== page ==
- AT&T and T-Mobile will stop providing the real-time locations of individual U.S. customers to data resellers after a report indicated sensitive personal information is easy to get without informed consent, according to The Wall Street Journal. Their plans follow announcements last year by all four of the biggest mobile carriers in the U.S. — Verizon, AT&T, Sprint and T-Mobile — to limit data sales.
- AT&T and T-Mobile said they will cut off data access by March, giving them time to adjust for services like emergency roadside assistance. Verizon plans to terminate agreements with four roadside-assistance companies by the end of March.
- Vice Media's tech news website Motherboard last week posted a story saying it paid a bounty hunter to locate a specific T-Mobile handset by using a real-time feed provided to data aggregator Zumigo. Sprint plans to end its contract with Zumigo, alleging the company violated the terms of its contract by sharing customer data with MicroBilt, a credit-reporting company that the bounty hunter used to find the T-Mobile user, the Journal reported.
Location data has underpinned a wide variety of mobile and marketing services, including ad targeting and notices aimed at mobile consumers. But not crossing "the creepy line," as Google executive Eric Schmidt once described the boundary of invading consumer privacy, may become a more prominent issue unless mobile companies can self-regulate their data-sharing policies and practices. Wireless carriers can't provide service without tracking the whereabouts of customers as measured by distance to surrounding cell towers. Mobile apps can obtain even more exact location data from GPS, Wi-Fi and Bluetooth signals, although smartphone makers have added features that let customers manually limit the sharing of their location data.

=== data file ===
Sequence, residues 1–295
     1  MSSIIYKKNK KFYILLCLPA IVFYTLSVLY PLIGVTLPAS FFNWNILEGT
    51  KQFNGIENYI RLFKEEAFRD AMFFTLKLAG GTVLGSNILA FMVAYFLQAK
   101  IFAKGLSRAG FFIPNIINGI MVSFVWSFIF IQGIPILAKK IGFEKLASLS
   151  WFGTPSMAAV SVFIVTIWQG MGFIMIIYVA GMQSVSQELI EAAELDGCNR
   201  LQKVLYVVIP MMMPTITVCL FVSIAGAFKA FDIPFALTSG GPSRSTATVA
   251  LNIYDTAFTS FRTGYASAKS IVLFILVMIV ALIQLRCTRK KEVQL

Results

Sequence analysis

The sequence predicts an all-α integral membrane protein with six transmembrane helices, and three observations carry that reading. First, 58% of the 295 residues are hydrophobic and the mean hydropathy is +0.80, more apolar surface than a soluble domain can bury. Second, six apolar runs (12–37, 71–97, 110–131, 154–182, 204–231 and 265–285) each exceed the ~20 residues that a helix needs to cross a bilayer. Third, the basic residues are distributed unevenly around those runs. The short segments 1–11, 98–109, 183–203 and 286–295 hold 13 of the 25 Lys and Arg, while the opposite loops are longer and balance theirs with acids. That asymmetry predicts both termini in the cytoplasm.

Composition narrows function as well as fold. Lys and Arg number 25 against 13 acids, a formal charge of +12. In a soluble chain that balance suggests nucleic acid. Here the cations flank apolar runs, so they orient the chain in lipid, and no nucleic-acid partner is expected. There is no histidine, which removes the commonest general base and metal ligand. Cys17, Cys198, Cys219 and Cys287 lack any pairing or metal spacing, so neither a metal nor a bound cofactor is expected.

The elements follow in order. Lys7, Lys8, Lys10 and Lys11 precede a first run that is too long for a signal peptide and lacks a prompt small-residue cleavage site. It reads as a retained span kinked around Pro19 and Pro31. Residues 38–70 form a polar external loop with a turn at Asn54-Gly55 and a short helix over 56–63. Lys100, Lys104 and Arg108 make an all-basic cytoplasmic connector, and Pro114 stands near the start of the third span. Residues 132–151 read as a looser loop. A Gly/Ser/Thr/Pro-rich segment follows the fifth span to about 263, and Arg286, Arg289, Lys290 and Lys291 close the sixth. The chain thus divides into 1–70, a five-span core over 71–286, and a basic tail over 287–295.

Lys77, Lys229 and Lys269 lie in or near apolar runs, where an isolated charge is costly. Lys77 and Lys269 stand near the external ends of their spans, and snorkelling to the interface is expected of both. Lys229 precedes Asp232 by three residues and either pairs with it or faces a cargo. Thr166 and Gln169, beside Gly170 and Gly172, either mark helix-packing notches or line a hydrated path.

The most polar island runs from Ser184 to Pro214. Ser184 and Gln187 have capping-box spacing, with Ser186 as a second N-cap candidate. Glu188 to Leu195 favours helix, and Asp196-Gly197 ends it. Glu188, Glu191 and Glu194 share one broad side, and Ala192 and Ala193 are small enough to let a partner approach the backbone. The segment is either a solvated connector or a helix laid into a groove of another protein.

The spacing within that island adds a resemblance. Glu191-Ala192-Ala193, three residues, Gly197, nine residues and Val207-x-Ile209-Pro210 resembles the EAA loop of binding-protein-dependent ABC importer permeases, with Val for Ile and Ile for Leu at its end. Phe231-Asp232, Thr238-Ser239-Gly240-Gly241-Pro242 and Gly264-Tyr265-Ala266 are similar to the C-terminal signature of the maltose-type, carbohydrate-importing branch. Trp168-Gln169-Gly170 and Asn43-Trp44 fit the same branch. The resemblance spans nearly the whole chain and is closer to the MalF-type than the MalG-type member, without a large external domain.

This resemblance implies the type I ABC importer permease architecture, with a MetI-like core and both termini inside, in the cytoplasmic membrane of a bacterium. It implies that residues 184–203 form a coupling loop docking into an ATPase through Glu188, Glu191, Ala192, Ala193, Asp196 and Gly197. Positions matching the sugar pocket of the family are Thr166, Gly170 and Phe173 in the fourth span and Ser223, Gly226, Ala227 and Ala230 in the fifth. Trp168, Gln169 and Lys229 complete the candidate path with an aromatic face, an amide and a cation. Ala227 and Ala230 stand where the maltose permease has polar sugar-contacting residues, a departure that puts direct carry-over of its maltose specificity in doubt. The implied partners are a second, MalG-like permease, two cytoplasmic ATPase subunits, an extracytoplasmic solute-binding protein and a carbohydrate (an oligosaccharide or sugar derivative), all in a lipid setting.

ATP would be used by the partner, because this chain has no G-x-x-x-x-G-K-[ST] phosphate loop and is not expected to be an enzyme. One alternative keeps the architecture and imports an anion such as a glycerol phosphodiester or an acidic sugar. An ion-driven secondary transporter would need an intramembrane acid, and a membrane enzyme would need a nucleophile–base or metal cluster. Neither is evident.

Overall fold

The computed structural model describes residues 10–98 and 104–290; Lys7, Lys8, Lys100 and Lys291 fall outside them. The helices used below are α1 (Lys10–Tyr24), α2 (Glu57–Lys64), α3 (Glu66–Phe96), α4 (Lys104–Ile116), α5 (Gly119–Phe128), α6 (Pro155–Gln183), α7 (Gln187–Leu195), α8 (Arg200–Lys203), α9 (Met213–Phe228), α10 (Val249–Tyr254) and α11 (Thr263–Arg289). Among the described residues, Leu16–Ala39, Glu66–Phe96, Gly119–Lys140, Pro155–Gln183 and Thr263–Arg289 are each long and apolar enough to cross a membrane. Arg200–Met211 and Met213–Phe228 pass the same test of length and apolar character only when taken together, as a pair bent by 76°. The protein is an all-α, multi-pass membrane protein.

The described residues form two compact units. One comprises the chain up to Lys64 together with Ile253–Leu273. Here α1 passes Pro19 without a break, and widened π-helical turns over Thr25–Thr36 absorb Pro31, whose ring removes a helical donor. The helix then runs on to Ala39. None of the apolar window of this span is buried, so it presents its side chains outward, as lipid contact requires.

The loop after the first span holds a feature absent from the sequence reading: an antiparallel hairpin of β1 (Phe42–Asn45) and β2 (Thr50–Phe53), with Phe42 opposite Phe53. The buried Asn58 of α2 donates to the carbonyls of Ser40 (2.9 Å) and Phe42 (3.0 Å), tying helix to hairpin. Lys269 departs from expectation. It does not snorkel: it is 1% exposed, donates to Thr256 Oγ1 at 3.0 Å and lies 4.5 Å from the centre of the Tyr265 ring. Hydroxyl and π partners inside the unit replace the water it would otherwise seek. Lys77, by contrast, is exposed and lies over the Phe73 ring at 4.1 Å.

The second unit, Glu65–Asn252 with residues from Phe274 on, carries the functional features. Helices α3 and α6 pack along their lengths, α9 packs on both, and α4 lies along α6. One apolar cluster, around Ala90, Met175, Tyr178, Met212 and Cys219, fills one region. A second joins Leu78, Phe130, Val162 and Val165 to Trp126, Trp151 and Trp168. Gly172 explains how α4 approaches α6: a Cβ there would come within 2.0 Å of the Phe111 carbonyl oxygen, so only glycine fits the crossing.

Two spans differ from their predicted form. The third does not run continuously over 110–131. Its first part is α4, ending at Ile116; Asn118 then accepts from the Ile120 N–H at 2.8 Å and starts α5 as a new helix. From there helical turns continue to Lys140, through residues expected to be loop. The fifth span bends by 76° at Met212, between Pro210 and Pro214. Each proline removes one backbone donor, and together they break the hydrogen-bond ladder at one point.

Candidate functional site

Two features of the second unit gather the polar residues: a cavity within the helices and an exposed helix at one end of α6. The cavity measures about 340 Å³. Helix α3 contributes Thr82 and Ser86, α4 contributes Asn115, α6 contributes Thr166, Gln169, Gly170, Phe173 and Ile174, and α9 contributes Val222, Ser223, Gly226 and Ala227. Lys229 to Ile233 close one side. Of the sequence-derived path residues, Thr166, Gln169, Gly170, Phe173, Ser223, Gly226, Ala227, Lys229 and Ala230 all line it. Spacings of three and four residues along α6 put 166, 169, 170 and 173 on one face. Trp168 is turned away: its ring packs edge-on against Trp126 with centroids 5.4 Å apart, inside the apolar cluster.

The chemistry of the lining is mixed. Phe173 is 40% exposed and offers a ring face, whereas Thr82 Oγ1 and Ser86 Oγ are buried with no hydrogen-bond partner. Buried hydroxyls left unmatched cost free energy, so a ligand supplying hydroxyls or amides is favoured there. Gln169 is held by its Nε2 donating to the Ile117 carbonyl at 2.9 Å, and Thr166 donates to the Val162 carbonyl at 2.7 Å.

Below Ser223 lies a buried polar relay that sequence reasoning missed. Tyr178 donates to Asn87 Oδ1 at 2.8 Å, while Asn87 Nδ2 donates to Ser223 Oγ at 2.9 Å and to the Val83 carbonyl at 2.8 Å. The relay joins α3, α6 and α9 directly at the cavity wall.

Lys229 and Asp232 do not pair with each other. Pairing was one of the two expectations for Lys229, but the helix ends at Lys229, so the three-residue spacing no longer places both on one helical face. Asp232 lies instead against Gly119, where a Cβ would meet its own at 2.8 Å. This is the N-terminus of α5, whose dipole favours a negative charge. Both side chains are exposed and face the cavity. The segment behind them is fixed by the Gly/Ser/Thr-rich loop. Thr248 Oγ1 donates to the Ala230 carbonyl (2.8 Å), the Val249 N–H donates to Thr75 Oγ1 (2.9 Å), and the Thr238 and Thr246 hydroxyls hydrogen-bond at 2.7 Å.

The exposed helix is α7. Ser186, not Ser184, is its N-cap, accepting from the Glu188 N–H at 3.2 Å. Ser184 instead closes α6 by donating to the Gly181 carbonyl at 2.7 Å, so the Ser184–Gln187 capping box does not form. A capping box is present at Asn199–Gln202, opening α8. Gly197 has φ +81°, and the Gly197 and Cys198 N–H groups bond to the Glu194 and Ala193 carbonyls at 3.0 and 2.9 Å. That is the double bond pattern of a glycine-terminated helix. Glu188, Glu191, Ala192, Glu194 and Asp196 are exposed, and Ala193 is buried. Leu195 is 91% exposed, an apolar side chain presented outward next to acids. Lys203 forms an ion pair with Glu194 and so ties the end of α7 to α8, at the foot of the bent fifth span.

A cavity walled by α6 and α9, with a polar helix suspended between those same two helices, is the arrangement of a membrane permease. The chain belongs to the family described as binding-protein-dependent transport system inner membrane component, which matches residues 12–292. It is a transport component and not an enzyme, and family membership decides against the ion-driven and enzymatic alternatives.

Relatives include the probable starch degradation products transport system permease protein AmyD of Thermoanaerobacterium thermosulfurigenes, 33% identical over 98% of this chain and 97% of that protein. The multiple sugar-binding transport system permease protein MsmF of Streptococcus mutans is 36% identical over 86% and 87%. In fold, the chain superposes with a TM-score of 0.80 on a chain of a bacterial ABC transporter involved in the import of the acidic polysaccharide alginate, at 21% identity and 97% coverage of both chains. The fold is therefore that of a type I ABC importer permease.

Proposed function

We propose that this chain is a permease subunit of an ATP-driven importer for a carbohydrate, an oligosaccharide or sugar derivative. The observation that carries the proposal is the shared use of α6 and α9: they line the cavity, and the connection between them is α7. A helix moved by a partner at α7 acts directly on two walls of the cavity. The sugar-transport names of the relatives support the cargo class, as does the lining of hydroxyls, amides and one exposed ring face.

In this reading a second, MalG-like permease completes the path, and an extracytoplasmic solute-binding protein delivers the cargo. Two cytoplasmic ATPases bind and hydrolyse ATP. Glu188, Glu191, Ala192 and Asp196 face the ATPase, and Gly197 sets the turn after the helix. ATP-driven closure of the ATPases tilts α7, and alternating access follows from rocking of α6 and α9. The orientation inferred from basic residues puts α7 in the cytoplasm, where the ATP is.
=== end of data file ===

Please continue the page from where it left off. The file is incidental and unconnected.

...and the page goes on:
Sen. Ron Wyden (D., Ore.) followed the Motherboard report with a renewed call for the Senate to adopt his proposed legislation to ban carriers from selling mobile subscribers' location data, ZDNet reported. Last year, he proposed giving the Federal Trade Commission more extensive power to enforce consumer data protection. Consumers Union, which publishes Consumer Reports, and privacy-focused search engine DuckDuckGo support Wyden's proposed consumer privacy bill. In another sign of growing scrutiny on mobile app data, the city attorney of Los Angeles this month sued IBM's the Weather Company, alleging that its app misled users as to how their information would be used.
Sprint still shares non-personally identifiable location data with Pinsight Media, a mobile data and ad company it sold to InMobi last year. Zumigo CEO Chirag Bakshi, who said his company cut off MicroBilt's access to cellphone locations after the Mortherboard story, will use app-based data collection that's approved by end users. Most of Zumigo's clients seek consent by sending consumers text messages, he told The Wall Street Journal.